World Bank Group President Jim Yong Kim said fintech would be particularly helpful to low-income countries, where access to financial services is low.

Both organizations said the paper doesn’t represent current work, nor does it aim to provide specific guidance or policy advice. They will, however, start to develop specific programs on fintech.

The IMF will focus initially on the implications on monetary and financial stability and how international monetary systems and global financial safety nets evolve. The World Bank will work on using fintech to deepen financial markets, enhance responsible access to financial services, and improve cross-border payments and remittance transfer systems.


Company: cnbc, Activity: cnbc, Date: 2018-10-11  Authors: yen nee lee
Keywords: news, cnbc, companies, policymakers, navigating, bank, fintechs, technology, financial, work, paper, services, world, launch, fintech, systems, imf, rise, guide


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‘I would not associate Jay Powell with craziness,’ says IMF’s Christine Lagarde

International Monetary Fund managing director Christine Lagarde said Thursday she “would not associate” U.S. Federal Reserve Chairman Jerome Powell “with craziness.” “I would not associate Jay Powell with craziness. Lagarde made the comment in response to a question from CNBC’s Geoff Cutmore about U.S. President Donald Trump. I think the Fed has gone crazy,” the president said after walking off Air Force One in Erie, Pennsylvania for a rally. Lagarde added: “All over the world, it is certainly a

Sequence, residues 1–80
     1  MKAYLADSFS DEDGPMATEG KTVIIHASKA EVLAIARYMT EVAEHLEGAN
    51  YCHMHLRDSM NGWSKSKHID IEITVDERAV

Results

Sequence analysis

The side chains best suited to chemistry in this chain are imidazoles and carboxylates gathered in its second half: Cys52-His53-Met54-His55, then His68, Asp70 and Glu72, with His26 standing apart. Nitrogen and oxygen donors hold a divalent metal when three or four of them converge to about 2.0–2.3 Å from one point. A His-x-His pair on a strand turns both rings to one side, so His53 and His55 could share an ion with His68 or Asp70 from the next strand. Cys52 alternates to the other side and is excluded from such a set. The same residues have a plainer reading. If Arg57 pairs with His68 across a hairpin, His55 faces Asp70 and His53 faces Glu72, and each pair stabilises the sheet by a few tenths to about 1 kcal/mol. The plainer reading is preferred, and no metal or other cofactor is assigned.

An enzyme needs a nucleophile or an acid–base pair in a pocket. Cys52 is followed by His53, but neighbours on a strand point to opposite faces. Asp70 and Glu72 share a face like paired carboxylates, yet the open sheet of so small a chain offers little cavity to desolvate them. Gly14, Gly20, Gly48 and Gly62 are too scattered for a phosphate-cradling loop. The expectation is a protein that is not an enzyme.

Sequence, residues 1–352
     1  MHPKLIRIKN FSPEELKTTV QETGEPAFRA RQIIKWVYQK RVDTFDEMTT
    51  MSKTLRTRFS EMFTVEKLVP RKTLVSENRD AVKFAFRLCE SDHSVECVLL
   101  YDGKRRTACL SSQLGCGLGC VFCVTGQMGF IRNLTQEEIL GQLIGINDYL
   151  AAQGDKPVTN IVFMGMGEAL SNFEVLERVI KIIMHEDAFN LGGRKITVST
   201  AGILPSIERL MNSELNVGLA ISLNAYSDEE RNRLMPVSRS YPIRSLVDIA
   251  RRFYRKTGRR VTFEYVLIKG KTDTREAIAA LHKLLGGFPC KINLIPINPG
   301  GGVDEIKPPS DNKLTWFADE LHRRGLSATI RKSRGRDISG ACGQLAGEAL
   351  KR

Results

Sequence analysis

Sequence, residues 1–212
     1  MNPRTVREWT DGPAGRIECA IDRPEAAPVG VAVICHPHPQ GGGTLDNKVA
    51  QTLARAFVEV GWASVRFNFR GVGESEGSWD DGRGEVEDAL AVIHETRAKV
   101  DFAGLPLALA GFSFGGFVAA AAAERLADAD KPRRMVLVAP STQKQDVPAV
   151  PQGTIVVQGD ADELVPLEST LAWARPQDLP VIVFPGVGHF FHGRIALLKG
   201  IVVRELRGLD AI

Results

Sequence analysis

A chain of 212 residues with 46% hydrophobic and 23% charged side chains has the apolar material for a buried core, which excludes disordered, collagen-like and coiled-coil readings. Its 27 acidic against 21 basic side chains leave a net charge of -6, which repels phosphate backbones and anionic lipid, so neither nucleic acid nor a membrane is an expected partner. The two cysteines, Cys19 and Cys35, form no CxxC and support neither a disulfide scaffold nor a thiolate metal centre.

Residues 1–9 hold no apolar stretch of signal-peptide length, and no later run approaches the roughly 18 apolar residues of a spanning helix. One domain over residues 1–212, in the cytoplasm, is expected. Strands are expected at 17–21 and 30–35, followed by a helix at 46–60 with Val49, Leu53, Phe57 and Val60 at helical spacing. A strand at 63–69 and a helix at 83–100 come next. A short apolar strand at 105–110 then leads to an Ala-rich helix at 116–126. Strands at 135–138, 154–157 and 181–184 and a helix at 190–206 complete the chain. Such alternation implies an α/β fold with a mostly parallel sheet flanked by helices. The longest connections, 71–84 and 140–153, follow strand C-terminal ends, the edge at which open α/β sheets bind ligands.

International Monetary Fund managing director Christine Lagarde said Thursday she “would not associate” U.S. Federal Reserve Chairman Jerome Powell “with craziness.” “I would not associate Jay Powell with craziness. Lagarde made the comment in response to a question from CNBC’s Geoff Cutmore about U.S. President Donald Trump. I think the Fed has gone crazy,” the president said after walking off Air Force One in Erie, Pennsylvania for a rally. Lagarde added: “All over the world, it is certainly a
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Company: cnbc, Activity: cnbc, Date: 2018-10-11  Authors: weizhen tan, ted kemp, kazuhiro nogi, afp, getty images
Keywords: news, cnbc, companies, walking, christine, jay, associate, president, bank, fed, imfs, craziness, certainly, central, powell, think, world, lagarde


'I would not associate Jay Powell with craziness,' says IMF's Christine Lagarde

International Monetary Fund managing director Christine Lagarde said Thursday she “would not associate” U.S. Federal Reserve Chairman Jerome Powell “with craziness.”

“I would not associate Jay Powell with craziness. No, no, he comes across, and members of his board, as extremely serious, solid and certainly keen to base their decisions on actual information, and decide to communicate that properly,” she said, speaking to CNBC at the IMF and World Bank annual meetings in Bali, Indonesia.